30 years ago, astronomer Jack Hills demonstrated the math behind what has become known as the “Hills Mechanism”. Until this week, it described a celestial event that had never been observed.* But astronomers have always agreed that the physics and math should make what he described possible outcome, if suitable conditions are in play…
Hills explained that under the right conditions, a star might be accelerated to incredible speeds — and might even be flung out of its galaxy. The conditions:
- A binary star passes close to a black hole, like the one at the center of our galaxy
- The orbiting stars are caught in the gravity of a black hole, but because of their speed and distance, they are not sucked in.
If conditions are right, one star ends up orbiting the back hole while the other is jettisoned at incredible speed, yet holding onto its mass and shape. All that energy comes from the gravity of the black hole and former momentum of the captured star. [video animation, 20 seconds]
This week, astronomers found clear evidence of this amazing event and traced it back to our galactic center: Five million years ago — as our ancestors learned to walk upright — a star that passed close to the black hole at The Milky Way center was flung away at a stunning 6 million kph. It is traveling so fast, that it is no longer bound to our galaxy or our galactic cluster. It is headed out into the vast intergalactic void.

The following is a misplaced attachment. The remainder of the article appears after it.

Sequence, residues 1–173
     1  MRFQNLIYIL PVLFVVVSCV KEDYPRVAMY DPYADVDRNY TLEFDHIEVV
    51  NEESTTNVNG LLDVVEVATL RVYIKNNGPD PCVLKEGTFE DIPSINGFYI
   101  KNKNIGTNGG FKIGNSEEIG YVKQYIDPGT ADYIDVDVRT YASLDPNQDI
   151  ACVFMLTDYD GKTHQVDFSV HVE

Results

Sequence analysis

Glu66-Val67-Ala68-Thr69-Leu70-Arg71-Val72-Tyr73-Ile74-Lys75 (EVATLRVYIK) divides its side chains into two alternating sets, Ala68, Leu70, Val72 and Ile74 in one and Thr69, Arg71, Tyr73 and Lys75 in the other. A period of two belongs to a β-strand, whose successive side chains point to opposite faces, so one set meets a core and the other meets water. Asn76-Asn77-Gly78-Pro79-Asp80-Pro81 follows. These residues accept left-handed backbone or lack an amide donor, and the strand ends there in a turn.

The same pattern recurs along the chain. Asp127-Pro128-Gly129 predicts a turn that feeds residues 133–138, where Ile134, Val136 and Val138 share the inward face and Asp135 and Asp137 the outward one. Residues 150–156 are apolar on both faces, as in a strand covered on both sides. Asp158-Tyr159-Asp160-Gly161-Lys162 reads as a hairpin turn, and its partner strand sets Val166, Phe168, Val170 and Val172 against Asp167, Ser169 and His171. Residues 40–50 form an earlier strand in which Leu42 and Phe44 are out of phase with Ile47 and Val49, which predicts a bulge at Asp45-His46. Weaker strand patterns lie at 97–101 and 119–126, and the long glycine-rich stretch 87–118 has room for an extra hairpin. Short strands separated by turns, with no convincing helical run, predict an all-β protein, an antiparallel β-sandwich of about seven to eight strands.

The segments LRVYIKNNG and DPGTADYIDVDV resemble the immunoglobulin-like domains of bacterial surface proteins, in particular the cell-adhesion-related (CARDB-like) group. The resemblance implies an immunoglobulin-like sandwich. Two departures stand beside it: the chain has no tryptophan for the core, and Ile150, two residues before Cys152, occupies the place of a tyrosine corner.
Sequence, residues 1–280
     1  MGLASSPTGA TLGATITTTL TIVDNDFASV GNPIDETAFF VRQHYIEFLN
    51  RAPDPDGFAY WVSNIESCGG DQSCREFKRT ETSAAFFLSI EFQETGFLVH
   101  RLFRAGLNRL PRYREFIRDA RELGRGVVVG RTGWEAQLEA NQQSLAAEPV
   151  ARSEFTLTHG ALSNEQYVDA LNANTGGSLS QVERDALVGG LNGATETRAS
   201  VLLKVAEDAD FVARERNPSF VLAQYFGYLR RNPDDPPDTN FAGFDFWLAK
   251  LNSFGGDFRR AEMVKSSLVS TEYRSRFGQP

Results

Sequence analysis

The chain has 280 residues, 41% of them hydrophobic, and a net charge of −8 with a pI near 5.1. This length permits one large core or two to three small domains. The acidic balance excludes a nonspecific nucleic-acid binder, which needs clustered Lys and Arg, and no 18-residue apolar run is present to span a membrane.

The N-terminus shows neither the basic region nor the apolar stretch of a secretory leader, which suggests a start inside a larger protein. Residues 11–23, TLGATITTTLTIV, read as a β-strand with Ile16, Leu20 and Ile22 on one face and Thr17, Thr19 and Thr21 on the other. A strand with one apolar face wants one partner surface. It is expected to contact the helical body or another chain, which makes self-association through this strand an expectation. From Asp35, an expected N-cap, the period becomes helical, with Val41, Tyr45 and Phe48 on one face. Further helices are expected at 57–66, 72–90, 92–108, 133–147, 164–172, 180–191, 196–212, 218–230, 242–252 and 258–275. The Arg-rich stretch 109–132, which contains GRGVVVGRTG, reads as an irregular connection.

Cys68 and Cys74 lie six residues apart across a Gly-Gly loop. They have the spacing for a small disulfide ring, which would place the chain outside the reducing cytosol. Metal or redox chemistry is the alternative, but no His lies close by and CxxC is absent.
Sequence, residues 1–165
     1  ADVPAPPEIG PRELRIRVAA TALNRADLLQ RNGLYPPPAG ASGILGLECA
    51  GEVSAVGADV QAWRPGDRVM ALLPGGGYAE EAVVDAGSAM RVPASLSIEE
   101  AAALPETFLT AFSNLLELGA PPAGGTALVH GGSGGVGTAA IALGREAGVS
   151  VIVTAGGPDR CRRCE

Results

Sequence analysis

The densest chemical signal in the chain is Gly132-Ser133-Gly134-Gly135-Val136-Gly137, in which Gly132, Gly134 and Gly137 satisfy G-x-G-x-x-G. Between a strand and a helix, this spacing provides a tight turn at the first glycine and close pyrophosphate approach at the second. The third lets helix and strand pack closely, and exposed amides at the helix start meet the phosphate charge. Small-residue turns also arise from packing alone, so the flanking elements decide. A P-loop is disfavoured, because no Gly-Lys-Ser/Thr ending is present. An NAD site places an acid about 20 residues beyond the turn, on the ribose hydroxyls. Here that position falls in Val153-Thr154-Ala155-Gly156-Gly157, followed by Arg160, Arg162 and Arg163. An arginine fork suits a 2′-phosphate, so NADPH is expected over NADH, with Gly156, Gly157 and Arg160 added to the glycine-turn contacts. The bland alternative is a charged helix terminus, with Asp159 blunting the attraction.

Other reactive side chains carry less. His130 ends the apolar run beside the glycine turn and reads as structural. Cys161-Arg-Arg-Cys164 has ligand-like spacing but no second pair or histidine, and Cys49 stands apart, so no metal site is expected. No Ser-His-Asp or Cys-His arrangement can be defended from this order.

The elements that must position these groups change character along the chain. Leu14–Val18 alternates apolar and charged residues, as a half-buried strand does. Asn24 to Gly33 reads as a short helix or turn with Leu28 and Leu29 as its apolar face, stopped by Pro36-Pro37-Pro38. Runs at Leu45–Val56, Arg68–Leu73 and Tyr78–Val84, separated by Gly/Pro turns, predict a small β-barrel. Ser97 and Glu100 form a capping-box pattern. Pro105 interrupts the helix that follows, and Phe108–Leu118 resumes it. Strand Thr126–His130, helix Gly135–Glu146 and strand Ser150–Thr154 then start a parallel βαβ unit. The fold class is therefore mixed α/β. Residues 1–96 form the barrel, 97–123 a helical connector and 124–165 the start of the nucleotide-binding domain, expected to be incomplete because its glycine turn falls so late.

How fast is fast?
- Rifle Bullet: Can exceed Mach 3 (2,300 mph)
- Apollo Rocket: Reached 25,000 mph; Earth escape velocity.
- Juno Probe: 165,000 mph, a record prior to 2019. (It used Jupiter’s gravity to accelerate)
- Parker Probe: 213,000 mph (Nov 2019), but will soon reach 430,000 mph
* Prior to this week, astronomers have observed a few stars traveling inexplicably at incredible speeds. But this is the first time, that they have traced the trajectory back to a black hole and the conditions described by Jack Hills.
- The Hills Mechanism
- Observed this week: An ejected star
- Fastest man-made objects